Pelosi’s quirky journey through evangelical America reveals just how far the Christian subculture extends. Today’s evangelicals have come a long way, baby. They encompass everything from the straight and narrows to young rebels sporting long hair, tattoos, body-piercings, and couture jeans complete with un-buttoned and un-tucked shirts. “Friends of God” buzzes through Christian wrestling events and churches whose interiors come with mall-like coffee stores and retail kiosks. It makes pit stops at tortured and sadly unoriginal evangelical rock concerts that recall that memorable episode from "The Simpsons," when Ned Flanders’ girlfriend, a Christian musician, tells him the secret to contemporary Christian music is to replace “baby” with “Jesus” in the lyrics.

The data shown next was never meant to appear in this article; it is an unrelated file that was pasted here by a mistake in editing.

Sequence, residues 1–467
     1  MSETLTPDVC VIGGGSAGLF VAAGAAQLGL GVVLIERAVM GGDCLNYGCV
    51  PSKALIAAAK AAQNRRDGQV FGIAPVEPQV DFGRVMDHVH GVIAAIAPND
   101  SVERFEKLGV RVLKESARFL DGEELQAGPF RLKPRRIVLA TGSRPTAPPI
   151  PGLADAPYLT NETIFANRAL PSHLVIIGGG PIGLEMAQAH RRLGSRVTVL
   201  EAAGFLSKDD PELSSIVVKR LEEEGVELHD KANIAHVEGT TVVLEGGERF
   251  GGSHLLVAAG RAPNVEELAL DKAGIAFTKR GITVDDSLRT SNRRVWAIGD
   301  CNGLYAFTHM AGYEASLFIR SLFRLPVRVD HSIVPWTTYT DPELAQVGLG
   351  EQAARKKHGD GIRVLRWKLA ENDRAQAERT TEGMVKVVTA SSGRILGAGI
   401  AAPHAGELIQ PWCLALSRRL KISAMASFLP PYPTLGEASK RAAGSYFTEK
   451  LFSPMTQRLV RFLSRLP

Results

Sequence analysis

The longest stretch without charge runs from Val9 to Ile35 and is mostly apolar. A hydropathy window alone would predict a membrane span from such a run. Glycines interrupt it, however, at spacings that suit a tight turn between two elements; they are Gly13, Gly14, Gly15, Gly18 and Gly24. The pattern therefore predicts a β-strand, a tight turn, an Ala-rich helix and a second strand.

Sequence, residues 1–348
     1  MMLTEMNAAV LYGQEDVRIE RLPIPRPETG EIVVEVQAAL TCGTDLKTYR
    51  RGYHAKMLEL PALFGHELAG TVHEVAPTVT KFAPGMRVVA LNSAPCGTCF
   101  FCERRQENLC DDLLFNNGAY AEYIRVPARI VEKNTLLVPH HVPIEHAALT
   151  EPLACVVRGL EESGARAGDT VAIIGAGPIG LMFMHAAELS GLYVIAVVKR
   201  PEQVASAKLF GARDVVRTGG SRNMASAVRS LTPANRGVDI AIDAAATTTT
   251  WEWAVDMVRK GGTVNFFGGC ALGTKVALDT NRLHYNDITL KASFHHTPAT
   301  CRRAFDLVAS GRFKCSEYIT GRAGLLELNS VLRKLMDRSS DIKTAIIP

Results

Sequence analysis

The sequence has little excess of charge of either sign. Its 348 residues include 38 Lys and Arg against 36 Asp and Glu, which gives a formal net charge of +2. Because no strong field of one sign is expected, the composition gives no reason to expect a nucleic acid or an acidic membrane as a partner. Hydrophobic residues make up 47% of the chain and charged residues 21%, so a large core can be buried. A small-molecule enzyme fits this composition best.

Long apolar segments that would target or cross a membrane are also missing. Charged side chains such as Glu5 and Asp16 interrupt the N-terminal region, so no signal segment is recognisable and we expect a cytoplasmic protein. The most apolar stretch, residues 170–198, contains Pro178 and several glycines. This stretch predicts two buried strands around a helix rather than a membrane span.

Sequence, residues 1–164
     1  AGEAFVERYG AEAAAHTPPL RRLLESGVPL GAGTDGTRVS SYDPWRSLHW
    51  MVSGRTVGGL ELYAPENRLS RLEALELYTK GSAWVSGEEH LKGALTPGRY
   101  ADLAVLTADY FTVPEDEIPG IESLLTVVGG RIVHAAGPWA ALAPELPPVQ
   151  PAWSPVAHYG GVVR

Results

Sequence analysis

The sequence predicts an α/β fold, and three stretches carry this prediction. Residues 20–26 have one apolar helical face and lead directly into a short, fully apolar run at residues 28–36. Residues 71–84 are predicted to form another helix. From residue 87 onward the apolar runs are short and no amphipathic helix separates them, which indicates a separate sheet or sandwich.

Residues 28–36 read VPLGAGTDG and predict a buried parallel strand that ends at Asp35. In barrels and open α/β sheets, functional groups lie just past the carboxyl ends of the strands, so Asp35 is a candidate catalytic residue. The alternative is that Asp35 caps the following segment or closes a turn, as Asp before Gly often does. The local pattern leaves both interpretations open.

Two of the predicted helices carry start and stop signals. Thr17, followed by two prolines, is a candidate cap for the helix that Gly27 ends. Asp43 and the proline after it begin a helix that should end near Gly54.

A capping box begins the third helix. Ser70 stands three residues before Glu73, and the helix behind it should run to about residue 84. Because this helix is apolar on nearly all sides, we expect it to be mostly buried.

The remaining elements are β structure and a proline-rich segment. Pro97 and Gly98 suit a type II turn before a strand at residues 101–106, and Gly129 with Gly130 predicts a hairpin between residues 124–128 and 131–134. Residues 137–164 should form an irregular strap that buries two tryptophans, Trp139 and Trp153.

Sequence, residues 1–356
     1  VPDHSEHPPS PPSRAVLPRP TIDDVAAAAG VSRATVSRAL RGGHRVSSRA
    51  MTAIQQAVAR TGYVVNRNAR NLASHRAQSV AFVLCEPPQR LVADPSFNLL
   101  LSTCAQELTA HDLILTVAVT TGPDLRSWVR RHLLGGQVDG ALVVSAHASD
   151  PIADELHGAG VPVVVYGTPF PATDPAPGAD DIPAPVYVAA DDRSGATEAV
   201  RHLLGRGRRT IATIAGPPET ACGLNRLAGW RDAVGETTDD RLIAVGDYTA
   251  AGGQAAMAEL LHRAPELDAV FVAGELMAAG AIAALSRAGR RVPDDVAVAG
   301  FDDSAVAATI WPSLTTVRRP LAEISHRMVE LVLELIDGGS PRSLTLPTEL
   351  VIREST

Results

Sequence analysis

Friday, March 30, 2007
Thy Kingdom Come - a Review at SoMA
Randy Balmer's Thy Kingdom Come is an important response to the direction of the Evangelical Movement. Even if you don't accept his understanding of Evangelicalism, I think he raises questions that need answering. I've written a review of the book for SoMA Review, which John Spalding has graciously published. I invite you to take a look at it -- just click here.
John has paired my review with Benjamin Shobert's review of Aleandra Pelosi's HBO film Friends of God. Shobert gives an excellent intro to this film, which since I don't have HBO am waiting to find on Netflix. I found this statement of Shobert intriguing:
Indeed, Balmer and Pelosi together give us a picture of a movement in disarray and in someways in love with itself, rather than with God. So happy reading -- the reviews, the book, and then watching the movie!